Johannsen, David Lawrence (1981) Silicon compilation. Dissertation (Ph.D.), California Institute of Technology. http://resolver.caltech.edu/CaltechETD:etd-11092006-140405
Modern integrated circuits are among the most complex systems designed by man. Although we have seen a rapid increase in fabrication technology, traditional design methodologies have not evolved at a rate commensurate with the increasing design complexity potential. These circuit design methodologies fail when applied to Very Large Scale Integrated (VLSI) circuit design. This thesis proposes a new design methodology which manages the complexity VLSI design, allowing economical generation of correctly functioning circuits.
Cost is one measurement of a design methodology's value. A good design methodology rapidly and efficiently translates high level system specifications into working parts. Traditional techniques partition the translation process into many steps; each design tool is focused upon one of these design steps. This partitioning precludes the consideration of global constraints, and introduces a literal explosion of data being transfered between design steps. The design process becomes error-prone and time consuming.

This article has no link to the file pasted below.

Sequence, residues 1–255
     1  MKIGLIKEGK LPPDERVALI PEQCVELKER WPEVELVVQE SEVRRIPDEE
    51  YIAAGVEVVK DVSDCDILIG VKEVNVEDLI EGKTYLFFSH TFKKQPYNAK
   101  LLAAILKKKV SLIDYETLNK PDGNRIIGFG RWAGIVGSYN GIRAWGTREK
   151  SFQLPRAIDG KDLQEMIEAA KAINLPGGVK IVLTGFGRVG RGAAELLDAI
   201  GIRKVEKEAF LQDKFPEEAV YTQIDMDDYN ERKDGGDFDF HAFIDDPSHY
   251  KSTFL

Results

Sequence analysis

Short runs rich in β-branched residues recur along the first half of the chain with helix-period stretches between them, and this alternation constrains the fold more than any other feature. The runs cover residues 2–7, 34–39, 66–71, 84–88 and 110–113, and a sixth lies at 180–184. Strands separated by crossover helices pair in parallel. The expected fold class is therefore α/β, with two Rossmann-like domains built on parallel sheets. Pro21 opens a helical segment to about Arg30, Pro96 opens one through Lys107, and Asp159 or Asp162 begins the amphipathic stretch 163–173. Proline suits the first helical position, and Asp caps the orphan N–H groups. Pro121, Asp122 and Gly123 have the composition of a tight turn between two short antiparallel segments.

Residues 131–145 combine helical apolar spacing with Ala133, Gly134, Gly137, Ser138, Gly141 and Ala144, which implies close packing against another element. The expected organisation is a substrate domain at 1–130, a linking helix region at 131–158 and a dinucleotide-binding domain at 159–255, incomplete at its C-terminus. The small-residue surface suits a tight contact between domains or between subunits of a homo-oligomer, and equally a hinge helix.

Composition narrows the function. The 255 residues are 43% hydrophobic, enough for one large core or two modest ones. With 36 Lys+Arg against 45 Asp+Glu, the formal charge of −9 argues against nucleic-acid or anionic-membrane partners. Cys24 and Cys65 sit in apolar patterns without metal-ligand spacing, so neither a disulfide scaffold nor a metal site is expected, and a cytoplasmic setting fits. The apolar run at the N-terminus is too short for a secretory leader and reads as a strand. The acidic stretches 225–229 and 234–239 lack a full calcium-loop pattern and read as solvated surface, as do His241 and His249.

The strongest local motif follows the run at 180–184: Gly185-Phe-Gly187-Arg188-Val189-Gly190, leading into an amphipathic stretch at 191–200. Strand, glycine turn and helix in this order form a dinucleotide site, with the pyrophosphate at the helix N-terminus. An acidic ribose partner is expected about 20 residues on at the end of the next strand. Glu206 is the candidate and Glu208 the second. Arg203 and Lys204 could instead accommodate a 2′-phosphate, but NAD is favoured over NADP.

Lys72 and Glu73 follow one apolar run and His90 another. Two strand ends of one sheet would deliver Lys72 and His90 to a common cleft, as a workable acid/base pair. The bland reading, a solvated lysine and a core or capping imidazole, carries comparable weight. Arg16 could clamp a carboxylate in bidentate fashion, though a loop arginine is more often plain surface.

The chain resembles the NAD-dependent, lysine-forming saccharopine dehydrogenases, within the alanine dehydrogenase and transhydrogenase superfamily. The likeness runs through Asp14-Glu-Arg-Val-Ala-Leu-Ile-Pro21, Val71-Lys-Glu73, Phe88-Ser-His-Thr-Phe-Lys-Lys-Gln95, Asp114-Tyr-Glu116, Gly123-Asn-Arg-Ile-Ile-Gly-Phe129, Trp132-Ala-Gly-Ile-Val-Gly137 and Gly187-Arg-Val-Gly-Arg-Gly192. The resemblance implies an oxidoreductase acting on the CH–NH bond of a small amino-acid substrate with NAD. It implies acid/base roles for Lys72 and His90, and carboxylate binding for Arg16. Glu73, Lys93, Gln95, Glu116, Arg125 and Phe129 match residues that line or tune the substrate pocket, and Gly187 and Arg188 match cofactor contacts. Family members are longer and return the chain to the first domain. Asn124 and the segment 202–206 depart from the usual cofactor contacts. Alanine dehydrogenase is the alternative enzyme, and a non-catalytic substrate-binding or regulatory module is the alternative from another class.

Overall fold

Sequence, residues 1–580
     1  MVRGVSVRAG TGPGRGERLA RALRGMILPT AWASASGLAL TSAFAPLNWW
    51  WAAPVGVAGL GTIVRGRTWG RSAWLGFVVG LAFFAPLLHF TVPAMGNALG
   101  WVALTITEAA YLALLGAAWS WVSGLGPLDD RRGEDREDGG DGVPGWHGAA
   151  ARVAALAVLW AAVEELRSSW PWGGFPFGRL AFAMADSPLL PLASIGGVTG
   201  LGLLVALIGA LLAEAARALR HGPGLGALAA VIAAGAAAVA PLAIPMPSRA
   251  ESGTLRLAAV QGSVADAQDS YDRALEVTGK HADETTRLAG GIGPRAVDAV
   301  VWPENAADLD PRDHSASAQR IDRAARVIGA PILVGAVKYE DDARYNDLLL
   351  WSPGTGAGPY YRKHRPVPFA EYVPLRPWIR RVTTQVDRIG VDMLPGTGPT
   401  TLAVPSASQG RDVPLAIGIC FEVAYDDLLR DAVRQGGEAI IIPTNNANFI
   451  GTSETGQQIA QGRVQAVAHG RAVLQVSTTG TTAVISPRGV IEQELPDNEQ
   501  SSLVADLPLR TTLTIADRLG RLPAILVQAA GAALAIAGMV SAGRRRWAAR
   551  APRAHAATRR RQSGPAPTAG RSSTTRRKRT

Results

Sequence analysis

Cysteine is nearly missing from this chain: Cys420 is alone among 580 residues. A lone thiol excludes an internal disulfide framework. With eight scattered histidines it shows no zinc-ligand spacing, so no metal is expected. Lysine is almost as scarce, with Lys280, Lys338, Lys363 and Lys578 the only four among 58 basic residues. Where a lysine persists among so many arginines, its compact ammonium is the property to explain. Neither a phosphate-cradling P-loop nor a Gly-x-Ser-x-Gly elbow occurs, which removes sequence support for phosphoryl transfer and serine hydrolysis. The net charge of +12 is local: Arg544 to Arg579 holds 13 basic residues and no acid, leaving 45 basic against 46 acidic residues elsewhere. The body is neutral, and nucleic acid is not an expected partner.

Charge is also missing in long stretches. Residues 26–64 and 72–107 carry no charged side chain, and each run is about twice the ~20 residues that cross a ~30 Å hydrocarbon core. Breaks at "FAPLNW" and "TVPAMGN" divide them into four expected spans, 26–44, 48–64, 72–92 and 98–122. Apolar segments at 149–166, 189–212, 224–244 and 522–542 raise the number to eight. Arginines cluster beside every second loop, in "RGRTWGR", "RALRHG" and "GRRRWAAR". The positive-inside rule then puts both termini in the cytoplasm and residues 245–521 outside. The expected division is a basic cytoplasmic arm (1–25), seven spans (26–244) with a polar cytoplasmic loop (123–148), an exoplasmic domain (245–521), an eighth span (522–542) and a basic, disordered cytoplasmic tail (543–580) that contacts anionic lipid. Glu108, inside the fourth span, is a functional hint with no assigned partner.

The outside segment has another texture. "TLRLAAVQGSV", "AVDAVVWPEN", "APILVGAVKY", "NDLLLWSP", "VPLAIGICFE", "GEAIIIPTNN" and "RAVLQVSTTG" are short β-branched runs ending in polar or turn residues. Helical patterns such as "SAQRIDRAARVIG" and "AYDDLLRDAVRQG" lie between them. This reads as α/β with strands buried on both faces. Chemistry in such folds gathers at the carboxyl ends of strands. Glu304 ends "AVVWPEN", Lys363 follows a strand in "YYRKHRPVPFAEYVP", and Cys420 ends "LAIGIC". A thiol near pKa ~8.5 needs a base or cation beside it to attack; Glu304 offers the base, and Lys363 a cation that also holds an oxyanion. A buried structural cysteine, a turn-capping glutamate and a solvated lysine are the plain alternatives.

The technique of silicon compilation presented in this thesis automatically translates from high level specifications into correct geometric descriptions. In this approach, the designer interacts at a high level of abstraction, and need not be concerned with lower levels of detail, facilitating exploration of alternate system architectures. Furthermore, since the implementation is algorithmically generated, chip descriptions can be made correct by construction. Finally, the user is given technology independence, because the high level specification need not require knowledge of fabrication details. This flexibility allows the user to take advantage of technology advances.
This thesis explores various aspects of silicon compilation, and presents a prototype compiler, Bristle Blocks. The methodology is demonstrated through the design of several chips. The practicality of the methodology results from the concern for efficiency of the design process and of the chip designs produced by the system.
|Item Type:||Thesis (Dissertation (Ph.D.))|
|Degree Grantor:||California Institute of Technology|
|Division:||Engineering and Applied Science|
|Major Option:||Computer Science|
|Thesis Availability:||Restricted to Caltech community only|
|Defense Date:||13 May 1981|
|Default Usage Policy:||No commercial reproduction, distribution, display or performance rights in this work are provided.|
|Deposited By:||Imported from ETD-db|
|Deposited On:||12 Dec 2006|
|Last Modified:||26 Dec 2012 03:09|
- Final Version
Restricted to Caltech community only
See Usage Policy.
Repository Staff Only: item control page